19 November 2011

What can the history of welfare states in the west teach us about social protection in developing countries?

From Peter Lindert, Growing Public: Social Spending and Economic Growth since the Eighteenth Century (HT: MR)
The same forces will continue to drive global trends in social transfers for the next half-century. Countries’ social transfers, like their commitment to public schooling, will depend mainly on their income growth, their population aging, and the fullness of their democracy. The Robin Hood paradox will continue to hold in the year 2050: The countries that still spend less than 10 percent of GDP on transfers, and little on schools, will be the troubled countries where poverty and inequality call most loudly for such social spending.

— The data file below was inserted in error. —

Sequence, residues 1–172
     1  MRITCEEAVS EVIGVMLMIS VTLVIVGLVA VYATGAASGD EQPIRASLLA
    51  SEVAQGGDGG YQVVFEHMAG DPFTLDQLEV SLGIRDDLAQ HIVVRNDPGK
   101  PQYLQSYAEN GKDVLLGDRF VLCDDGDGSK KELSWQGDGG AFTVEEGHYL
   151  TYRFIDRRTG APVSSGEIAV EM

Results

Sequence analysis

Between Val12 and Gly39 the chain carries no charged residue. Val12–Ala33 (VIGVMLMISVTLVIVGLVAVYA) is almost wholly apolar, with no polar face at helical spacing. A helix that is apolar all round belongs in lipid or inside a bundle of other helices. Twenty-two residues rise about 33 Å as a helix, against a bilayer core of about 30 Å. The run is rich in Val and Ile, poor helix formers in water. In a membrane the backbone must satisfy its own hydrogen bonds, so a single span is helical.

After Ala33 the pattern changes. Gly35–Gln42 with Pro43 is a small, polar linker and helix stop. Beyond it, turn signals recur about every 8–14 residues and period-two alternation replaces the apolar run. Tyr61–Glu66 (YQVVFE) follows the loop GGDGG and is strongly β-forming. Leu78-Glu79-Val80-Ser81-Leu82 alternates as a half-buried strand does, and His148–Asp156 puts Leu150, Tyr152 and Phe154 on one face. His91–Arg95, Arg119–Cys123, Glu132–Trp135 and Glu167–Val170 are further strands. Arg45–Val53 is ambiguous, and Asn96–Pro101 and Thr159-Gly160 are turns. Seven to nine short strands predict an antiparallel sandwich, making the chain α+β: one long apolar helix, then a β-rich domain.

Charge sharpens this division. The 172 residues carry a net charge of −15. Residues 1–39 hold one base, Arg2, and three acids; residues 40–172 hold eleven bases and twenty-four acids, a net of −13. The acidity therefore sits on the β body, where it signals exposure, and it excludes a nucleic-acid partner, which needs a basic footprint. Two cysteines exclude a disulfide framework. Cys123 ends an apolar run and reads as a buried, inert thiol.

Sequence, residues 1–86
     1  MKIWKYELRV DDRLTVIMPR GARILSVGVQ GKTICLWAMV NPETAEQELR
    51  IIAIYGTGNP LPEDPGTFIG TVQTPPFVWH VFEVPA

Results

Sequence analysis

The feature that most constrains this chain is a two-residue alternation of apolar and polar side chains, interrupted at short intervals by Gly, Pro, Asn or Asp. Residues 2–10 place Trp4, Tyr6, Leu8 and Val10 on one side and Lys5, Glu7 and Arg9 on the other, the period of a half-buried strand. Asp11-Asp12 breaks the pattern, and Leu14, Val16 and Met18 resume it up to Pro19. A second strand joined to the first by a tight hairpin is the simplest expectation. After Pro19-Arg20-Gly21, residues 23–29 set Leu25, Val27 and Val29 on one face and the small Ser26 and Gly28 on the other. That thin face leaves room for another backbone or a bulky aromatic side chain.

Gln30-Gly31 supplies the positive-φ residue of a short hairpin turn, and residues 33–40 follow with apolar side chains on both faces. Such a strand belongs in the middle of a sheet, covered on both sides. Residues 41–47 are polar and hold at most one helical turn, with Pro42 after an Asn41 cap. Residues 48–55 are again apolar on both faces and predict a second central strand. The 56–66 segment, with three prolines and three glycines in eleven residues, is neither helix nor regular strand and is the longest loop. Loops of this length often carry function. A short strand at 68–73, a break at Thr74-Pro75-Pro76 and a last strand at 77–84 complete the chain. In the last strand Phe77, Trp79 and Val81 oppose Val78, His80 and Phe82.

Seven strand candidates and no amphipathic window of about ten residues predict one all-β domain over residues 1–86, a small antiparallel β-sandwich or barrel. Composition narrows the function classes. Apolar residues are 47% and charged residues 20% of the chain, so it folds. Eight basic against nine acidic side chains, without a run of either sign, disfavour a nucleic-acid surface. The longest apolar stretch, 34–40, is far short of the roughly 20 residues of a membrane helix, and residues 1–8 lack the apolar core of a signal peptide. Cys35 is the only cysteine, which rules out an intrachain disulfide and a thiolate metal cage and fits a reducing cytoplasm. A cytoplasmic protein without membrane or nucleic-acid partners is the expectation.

Yes, social spending has been internally driven for most countries, but the "robin hood paradox" would suggest to me a potential catalytic role for aid.

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